The leisure society II: The era of critique, 1980–2011

Publication Type:
Journal Article
World Leisure Journal, 2012, 54 (2), pp. 99 - 140
Issue Date:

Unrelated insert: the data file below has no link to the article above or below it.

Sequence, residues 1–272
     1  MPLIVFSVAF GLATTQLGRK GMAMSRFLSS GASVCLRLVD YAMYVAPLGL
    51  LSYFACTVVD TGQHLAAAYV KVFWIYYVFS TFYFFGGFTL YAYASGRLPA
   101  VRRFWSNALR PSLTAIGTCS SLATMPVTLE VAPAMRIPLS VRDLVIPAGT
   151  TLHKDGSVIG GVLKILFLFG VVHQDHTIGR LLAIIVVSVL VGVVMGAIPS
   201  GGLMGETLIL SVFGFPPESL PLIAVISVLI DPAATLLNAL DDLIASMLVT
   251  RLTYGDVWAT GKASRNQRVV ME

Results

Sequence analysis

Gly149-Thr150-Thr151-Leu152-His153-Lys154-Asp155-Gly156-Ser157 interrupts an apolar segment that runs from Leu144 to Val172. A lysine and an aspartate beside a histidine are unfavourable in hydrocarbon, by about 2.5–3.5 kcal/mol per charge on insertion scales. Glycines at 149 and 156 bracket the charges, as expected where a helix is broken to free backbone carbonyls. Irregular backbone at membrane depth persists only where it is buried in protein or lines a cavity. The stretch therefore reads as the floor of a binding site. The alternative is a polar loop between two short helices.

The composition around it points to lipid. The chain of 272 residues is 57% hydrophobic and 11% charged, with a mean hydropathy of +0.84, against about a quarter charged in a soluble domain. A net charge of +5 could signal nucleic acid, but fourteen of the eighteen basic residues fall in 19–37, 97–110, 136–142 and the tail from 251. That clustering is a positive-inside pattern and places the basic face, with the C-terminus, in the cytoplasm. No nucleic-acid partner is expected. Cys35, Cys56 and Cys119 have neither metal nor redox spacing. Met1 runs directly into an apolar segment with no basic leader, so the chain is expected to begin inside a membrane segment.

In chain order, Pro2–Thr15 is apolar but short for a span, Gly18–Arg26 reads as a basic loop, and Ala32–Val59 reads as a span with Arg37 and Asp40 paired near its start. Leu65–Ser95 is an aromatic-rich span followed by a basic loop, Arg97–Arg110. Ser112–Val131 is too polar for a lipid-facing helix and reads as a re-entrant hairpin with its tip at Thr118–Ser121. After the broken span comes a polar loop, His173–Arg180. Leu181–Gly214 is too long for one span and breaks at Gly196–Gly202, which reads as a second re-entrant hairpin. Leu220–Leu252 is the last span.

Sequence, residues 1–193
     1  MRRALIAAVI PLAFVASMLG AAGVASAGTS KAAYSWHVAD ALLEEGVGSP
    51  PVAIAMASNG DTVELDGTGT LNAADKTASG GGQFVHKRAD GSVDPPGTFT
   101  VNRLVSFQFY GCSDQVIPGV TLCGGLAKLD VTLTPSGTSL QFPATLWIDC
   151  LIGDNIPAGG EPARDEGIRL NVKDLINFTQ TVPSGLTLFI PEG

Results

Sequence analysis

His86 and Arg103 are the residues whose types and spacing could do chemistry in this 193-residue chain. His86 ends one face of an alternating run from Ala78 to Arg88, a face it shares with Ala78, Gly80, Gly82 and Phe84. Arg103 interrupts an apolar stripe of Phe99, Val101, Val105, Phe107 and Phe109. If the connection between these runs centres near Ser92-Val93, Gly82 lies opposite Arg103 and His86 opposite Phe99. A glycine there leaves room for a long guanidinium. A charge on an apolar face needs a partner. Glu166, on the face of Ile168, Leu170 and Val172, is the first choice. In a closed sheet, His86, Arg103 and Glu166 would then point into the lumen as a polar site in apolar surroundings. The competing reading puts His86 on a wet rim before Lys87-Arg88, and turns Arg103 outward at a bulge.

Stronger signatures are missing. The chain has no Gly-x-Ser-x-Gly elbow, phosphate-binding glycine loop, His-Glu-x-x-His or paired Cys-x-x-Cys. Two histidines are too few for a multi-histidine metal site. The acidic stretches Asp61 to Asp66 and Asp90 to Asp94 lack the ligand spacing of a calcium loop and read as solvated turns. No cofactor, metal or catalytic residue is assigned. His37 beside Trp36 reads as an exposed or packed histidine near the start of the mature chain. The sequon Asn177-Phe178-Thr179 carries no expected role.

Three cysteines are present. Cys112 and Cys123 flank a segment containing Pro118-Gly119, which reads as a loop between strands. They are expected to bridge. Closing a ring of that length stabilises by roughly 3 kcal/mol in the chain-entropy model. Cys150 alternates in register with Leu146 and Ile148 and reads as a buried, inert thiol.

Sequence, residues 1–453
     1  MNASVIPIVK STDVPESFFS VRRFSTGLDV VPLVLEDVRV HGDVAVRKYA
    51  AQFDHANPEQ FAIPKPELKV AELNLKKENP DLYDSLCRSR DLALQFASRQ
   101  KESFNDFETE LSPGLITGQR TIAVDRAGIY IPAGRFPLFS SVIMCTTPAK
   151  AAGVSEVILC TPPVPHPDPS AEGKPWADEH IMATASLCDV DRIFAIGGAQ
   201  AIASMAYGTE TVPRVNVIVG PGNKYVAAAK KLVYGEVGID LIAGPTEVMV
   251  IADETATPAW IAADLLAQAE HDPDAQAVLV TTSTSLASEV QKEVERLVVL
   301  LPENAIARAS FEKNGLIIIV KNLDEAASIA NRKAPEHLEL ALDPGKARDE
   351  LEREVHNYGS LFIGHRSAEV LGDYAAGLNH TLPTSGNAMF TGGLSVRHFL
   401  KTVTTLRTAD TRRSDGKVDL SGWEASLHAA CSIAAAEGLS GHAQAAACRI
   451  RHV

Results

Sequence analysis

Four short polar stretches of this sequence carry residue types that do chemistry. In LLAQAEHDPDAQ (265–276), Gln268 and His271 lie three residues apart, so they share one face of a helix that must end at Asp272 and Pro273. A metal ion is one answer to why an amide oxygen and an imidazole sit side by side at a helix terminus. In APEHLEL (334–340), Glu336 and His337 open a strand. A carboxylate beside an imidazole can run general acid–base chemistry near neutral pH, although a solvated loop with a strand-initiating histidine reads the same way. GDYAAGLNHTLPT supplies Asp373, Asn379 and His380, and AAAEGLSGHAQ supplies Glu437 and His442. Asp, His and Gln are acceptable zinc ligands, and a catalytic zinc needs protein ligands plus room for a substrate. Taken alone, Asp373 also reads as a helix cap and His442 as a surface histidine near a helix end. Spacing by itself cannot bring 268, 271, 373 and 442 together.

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The “leisure society thesis” was developed primarily in the 1960s and 1970s and a recent paper in the World Leisure Journal summarised the relevant literature from that period and analysed contemporary recollections of it (Veal, 2011). This paper follows the story of the leisure society thesis since 1980. Set against the background of discussions of work and leisure in periods of high unemployment, the work ethic, working hours, post-work and work–life balance, the paper reviews the post-1980 offerings of proponents, analysts and critics of the leisure society thesis. A four-fold typology of leisure society conceptualisations and reduced-work future scenarios is proposed, comprising: the current leisure society; the evolutionary leisure society; the leisure society as a political project; and other reduced-work scenarios/projects. The second half of the paper reviews literature that is analytical, ambivalent and/or definitional regarding the leisure society thesis and that which is critical. This involves discussion of the failure of paid working hours to fall in the second half of the twentieth century as had been predicted, and appraisal of a range of critical theoretical/conceptual issues. While the significance of the leisure society thesis as an early project of leisure studies is debatable, and it is clearly now an historical reference point rather than a current project, the question is raised as to why the leisure studies community has failed to join with others who are pursuing the cause of reduced paid working hours for all. © 2012 World Leisure Organization.
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